Someone once said, “We need an abounding faith that will cut all the t’s off all those `Can’ts’ and make them into `Can’s’”

I can do it. I can serve. I can be a person of faith. I can do all of the above.

* This is a Homily I wrote years ago for Markings, a homilectic service that from the Thomas More Association. I'm on vacation, but I wanted to put a Sunday Homily on my blog. 

Quote for Today - October 6, 2013

“The best number for a dinner party is two - myself and dam’ good head waiter.”

Nubar Gulbenkian [1896-1972] in the Daily Telegram (U.K,), January 14, 1965

Quote for Today - October 5, 2013

“Aristotle maintained that women had fewer teeth than men; although he was twice married, it never occurred to him to verify this statement by examining his wives’ mouth.”

Bertrand Russell [1872-1970] Impact of Science on Society, (1952) Chapter 1.

Quote for Today - October 4, 2013

“Boredom is therefore a vital problem for the moralist, since half the sins of mankind are caused by the fear of it.”

Bertrand Russell [1872-1970], Conquest of Happiness (1930), chapter 4

Quote for Today - October 3, 2013

“Happiness is an imaginary condition, formerly often attributed by the living to the dead, now usually attributed by adults to children, and by children to adults.”

Thomas Szasz  [1920-2012 ]  The Second Sin [1973] “Emotions”


The title of my homily for this feast of The Holy Guardian Angels is, “Angels: Messages and Messengers.”

This morning I would  like to preach about angels. I don’t take them lightly - in spite of G. K. Chesterton’s cute remark: “Angels can fly because they take themselves lightly.” [Orthodoxy (1908) Chapter 7]

I like the nuance in Alan Watts comment better: “We do not realize that, as Chesterton reminded us, angels fly because they take themselves so lightly.” [The Way of Liberation, 1983]

Our church teaching - coming out of our scriptures - and our traditions -  is that God sends his angels as messengers as well as to watch over us - to guard and guide us.

Today’s feast proclaims that God sends each of us a guardian angel to guide us.

Angels are not a topic we hear about that often. We have trouble enough - to get people to believe in God.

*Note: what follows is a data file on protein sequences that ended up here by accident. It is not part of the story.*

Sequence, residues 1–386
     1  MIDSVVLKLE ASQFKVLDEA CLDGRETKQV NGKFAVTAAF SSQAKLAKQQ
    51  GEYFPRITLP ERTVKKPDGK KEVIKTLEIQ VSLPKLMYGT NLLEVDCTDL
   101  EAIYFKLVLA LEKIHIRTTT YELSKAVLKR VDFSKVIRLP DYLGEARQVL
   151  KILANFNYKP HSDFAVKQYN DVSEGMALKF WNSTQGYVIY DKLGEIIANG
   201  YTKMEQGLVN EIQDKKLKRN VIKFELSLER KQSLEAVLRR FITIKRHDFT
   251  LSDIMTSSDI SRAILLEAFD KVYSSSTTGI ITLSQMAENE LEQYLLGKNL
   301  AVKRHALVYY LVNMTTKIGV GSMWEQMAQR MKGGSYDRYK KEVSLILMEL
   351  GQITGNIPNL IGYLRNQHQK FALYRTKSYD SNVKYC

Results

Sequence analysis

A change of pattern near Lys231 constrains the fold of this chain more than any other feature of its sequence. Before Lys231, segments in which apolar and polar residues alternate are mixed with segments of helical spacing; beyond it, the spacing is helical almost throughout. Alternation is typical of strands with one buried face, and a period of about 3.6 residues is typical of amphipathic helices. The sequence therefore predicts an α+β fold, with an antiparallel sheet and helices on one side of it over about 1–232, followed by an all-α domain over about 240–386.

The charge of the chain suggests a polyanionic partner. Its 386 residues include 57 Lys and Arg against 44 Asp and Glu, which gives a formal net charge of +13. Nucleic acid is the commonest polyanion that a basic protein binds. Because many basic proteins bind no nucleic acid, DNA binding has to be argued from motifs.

Once more the title of my homily is, “Angels: Messages and Messengers.”


The most basic meaning of what an angel is, is, “A Messenger.”

In the Bible, in our scriptures, angels bring messages.

The Bible has various stories about angels who show up to help people in trouble - in difficult times - people in need help to solve a problem - as well as angels who show up to give people a call - a vocation - a mission.

Angels are invisible - therefore maybe millions of them can sit on the head of pin. Angels in the Bible are given names: Michael, Gabriel, Raphael. Notice the EL at the end of those names - EL a Hebrew word for “God”.

The Bible tells us about two types of angels: good angels and bad angels. The Devil is the Prince of the Bad Angels. They are also called “Demons” at times.


This is a thing called “ear buds”. You plug it a receiver of various sorts - and one hears - messages of sorts - through these ear phones.

I was just down in Philadelphia for the past two days to see one of my sisters who is dying. I drove to my other sister and the two of us took the train Monday and then yesterday, Tuesday, to the University of Penn hospital.

I began noticing on the train - and on the stations - and in the hospital - one million people with these in their ears - or they had cell phones or their equivalents - in hand - everywhere.

It seems that everyone is reading, listening, texting messages - all day long.

The obvious message that hit me is this: the air is filled with messages and messengers.

If we look out our eyes and if tune up our ears - we still can’t see or hear the many cell phone voices and invisible inaudible sounds and messages that  are shooting through our air - could a million of these messages sit on the head of a pin? -  but stick one of these ear buds in one’s ears and one hears all kinds of sounds and songs - or open up one’s iPhones or Droid or cell phone and surprise - there are lots of messages flying through our space.